if userOperator == operators[4]:
    answer = math.factorial(firstNumber)
    print(answer)
    pause = input()
    raise SystemExit
while True:
    try:
        secondNumber = float(input())
        break
    except ValueError:
        print("Please enter a number...   ", end="")
if userOperator == operators[0]:
        answer = firstNumber + secondNumber
        print('%.5f' % round(answer, 5))
elif userOperator == operators[1]:
        answer = firstNumber - secondNumber
        print('%.5f' % round(answer, 5))
elif userOperator == operators[2]:
        answer = firstNumber * secondNumber
        print('%.5f' % round(answer, 5))
elif userOperator == operators[3]:
        answer = firstNumber / secondNumber
        print('%.5f' % round(answer, 5))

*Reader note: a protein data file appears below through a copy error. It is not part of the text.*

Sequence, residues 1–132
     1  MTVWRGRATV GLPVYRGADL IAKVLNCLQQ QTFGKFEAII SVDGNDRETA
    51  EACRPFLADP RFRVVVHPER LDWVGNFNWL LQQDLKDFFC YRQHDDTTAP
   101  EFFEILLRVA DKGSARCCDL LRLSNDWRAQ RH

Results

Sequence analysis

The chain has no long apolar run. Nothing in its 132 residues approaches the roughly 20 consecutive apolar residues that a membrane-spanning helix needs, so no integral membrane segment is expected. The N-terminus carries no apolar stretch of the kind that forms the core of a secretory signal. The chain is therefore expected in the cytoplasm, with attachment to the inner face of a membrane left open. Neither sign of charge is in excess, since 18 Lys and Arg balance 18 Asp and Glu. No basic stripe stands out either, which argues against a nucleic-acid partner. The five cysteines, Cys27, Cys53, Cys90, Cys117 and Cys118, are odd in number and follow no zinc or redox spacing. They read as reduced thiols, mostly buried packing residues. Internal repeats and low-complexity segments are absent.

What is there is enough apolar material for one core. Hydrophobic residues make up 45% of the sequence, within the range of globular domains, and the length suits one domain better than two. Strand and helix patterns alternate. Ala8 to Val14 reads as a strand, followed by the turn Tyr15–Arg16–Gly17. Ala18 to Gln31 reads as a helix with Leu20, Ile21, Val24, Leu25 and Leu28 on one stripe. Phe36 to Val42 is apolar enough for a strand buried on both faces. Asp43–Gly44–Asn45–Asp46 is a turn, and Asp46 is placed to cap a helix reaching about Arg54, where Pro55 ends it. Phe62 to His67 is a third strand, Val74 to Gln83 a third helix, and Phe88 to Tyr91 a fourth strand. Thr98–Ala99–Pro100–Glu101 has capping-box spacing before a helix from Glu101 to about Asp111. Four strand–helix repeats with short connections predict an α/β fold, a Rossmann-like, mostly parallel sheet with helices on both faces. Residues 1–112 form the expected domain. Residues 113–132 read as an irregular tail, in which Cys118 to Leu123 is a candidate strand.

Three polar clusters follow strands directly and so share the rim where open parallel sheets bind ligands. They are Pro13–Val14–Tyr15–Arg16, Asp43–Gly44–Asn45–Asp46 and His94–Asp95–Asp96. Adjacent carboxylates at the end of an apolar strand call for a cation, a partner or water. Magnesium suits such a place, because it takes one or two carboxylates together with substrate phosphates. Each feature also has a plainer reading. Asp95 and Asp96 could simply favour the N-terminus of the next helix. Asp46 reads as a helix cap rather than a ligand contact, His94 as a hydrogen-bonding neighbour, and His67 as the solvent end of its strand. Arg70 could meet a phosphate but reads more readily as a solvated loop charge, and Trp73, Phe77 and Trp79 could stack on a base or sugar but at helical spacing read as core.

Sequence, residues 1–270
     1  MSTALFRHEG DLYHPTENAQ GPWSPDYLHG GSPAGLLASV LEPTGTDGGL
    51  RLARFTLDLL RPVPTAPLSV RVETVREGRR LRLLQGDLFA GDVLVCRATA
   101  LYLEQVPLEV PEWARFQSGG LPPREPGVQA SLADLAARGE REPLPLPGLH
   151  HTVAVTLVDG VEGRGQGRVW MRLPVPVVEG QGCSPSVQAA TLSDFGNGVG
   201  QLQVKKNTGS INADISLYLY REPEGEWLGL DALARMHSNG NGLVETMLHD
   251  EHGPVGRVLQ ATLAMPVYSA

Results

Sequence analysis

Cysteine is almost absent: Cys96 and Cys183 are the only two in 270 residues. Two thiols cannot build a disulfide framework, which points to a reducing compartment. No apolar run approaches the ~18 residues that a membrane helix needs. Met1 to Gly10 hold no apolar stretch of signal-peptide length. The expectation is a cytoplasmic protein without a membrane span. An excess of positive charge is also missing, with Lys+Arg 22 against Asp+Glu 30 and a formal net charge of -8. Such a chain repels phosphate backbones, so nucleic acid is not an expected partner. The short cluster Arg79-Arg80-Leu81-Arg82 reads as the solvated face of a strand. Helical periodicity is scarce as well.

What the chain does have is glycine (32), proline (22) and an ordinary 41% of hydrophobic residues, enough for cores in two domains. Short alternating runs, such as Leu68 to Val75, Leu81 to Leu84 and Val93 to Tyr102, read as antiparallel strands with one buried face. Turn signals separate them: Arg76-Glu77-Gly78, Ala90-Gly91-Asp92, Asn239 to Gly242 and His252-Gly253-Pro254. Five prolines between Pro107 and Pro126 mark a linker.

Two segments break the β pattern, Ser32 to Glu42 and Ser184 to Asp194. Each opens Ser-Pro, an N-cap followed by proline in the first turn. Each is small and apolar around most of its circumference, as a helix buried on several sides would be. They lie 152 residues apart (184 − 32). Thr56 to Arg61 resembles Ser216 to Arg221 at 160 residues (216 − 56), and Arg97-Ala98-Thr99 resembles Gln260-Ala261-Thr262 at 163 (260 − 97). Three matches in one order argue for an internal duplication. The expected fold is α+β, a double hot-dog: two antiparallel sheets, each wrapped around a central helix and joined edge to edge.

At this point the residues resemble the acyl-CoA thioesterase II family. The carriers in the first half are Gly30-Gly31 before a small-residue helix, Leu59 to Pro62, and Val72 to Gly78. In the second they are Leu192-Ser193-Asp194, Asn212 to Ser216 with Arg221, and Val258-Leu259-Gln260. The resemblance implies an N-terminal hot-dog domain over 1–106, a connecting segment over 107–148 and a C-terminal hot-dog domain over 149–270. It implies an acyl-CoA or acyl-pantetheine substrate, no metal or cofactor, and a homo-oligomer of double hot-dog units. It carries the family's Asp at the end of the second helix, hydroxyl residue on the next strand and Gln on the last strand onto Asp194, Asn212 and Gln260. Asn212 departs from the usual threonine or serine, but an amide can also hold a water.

elif userOperator == operators[5]:
        answer = firstNumber ** secondNumber
        print('%.5f' % round(answer, 5))
pause = input()
raise SystemExit
  • Hitting Enter is going to make a newline; why not use Space as your separator, then split the string into its parts and go from there. E.g. you enter 4 + 5<Enter>. – Cyphase Aug 5 '15 at 4:13
  • 1
    No need for space either, simply ask the user to enter the whole thing, e.g. 4+5 and then handle the whole expression at once by parsing it and calculating the result. – alfasin Aug 5 '15 at 4:16
  • @alfasin, sure, but that's a bit more advanced than just splitting on ' '. – Cyphase Aug 5 '15 at 4:21
  • @Cyphase actually, first thing I would do would be to remove all spaces :) – alfasin Aug 5 '15 at 4:22